The designer deserves a high-five for the ebony-and-ivory decor, or most of it. The white horns protruding from the wall of the bar look like something the Flintstones might have used for coat hooks. Otherwise, the dining room makes itself swank with low, curvy couches near where the drinks are doled out, and raised seating with circular booths that suggest docked yachts. Glowing in the rear of STK is a small fire. Circling the room are an upbeat bunch of servers who have committed the corporate script to memory.

Twice-baked potatoes from STK DC. (Dixie D. Vereen/For The Washington Post)

Meat, at least of the four-legged variety, is generally not a good reason to drop in. With the exception of a juicy rib-eye, the steaks I’ve tried are lean on flavor and sometimes overcooked. Whatever you do, resist the temptation to add the brown steak sauce that rides shotgun with some of the cuts, sweet enough to qualify as a dessert topping. STK’s arid veal chop is a $55 disappointment upstaged by the grilled sweetbreads that top the meat. Twin mini-burgers, said to be made with designer Wagyu beef, mimic Big Macs for all their cheese and a “special sauce” that’s a ringer for Thousand Island dressing. The distractions make it a challenge to taste the meat. Brick roasted chicken on spaghetti squash turns out to be the entree of least resistance.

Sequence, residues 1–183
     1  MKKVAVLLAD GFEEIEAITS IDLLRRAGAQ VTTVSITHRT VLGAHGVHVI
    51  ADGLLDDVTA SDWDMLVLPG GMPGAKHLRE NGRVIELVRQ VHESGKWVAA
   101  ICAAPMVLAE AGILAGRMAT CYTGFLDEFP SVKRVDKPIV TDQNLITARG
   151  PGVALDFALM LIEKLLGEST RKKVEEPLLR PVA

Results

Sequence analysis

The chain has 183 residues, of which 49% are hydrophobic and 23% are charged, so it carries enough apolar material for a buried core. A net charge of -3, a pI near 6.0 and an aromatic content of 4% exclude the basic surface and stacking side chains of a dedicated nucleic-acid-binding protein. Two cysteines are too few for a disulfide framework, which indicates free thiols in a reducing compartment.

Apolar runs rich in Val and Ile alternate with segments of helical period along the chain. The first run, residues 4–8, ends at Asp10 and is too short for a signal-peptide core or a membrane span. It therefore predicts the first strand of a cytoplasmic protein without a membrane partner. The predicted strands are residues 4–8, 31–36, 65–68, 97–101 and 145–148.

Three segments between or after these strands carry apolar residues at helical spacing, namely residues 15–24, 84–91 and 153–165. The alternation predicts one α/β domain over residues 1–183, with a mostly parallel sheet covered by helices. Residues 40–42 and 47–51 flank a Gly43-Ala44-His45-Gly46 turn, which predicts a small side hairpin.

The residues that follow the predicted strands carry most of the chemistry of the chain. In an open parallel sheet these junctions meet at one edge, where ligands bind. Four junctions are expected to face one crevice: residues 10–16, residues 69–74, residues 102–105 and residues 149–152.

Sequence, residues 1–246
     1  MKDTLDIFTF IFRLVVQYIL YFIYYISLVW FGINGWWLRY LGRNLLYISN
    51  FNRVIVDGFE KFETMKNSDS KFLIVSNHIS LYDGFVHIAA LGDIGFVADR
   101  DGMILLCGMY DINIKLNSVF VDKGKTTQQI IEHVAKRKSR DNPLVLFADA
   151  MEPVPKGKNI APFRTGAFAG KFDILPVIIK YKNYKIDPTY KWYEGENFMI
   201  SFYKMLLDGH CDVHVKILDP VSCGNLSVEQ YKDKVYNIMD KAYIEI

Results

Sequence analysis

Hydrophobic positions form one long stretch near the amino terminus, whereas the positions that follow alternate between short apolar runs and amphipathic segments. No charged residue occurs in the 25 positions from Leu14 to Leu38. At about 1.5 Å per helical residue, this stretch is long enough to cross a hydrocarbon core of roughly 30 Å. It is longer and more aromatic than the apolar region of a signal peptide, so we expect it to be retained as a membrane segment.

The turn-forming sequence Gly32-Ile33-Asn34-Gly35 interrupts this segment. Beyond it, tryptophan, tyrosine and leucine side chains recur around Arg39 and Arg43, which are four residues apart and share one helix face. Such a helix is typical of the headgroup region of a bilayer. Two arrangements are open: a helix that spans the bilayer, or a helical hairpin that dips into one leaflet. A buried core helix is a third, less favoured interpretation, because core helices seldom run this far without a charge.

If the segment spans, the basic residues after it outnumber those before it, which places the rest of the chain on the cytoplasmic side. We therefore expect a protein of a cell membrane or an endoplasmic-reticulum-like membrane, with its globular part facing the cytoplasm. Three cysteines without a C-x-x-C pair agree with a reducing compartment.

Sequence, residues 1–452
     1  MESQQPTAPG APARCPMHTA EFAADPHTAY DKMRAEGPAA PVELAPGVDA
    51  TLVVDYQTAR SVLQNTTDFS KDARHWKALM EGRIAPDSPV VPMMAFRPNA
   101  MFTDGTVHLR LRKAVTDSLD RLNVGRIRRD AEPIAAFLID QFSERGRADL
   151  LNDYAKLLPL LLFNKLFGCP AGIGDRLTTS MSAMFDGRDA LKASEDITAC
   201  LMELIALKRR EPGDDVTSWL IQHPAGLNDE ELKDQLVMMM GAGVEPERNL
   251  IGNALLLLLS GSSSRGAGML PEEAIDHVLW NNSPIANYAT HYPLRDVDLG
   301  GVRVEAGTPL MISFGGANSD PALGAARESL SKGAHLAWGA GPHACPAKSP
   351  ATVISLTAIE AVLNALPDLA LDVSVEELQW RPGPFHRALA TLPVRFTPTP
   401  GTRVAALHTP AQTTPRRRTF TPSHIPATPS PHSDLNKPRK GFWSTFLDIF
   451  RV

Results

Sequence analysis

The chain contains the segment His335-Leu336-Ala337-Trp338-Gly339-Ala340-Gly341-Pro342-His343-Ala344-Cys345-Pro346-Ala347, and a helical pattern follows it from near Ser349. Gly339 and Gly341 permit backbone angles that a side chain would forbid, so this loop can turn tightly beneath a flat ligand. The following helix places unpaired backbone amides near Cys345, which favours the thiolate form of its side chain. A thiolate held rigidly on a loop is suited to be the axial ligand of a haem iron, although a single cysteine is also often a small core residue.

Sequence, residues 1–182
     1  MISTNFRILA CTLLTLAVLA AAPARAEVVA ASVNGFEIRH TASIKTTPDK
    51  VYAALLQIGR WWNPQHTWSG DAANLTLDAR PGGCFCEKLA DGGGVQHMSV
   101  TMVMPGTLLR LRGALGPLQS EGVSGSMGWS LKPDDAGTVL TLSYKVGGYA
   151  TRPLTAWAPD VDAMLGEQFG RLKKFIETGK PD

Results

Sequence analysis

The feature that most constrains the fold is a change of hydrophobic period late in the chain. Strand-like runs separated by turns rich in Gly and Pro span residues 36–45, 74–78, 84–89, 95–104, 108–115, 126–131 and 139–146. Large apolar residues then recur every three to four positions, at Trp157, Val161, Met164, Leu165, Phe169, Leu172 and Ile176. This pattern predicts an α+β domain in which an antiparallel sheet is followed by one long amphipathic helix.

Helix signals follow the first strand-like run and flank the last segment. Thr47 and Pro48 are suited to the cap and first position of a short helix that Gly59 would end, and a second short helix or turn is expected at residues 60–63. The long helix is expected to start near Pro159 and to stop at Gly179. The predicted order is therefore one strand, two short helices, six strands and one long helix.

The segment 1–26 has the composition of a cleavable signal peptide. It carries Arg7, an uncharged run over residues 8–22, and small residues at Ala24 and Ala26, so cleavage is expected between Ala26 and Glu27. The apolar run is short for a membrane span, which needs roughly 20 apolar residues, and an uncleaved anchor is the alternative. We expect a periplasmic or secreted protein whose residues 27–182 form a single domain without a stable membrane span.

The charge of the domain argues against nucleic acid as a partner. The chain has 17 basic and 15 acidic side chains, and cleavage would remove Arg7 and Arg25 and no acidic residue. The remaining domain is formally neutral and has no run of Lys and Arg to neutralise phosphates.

White foods — twice-baked potatoes, macaroni and cheese — make the best belly-fillers, er, side dishes. In contrast, broccolini comes with enough garlic to scare away half of Anne Rice’s characters. Desserts entice in print, but not up close. Spice cake with caramel sauce and pumpkin-flavored doughnuts will have you scratching your teeth. Both are excessively sweet.

The most consistent dish, the best take-away from all my meals at STK, is gratis: a skillet of warm, pull-apart rolls sprinkled with blue cheese crumbles and deposited with chive oil for dunking. If only I could have stopped there. If only STK were meatier. 

1 / 2 star

STK DC: 1250 Connecticut Ave. NW. 202-296-1880. www.stkhouse.com.

Open: Lunch 11:30 a.m. to 3 p.m. Monday through Friday; dinner 6 to 11 p.m. Monday through Wednesday, 6 p.m. to midnight Thursday through Saturday;brunch 11:30 a.m. to 6 p.m. Sunday.

Prices: Dinner appetizers $11 to $20, main courses $26 to $89.

Sound check: 73 decibels/Must speak with raised voice.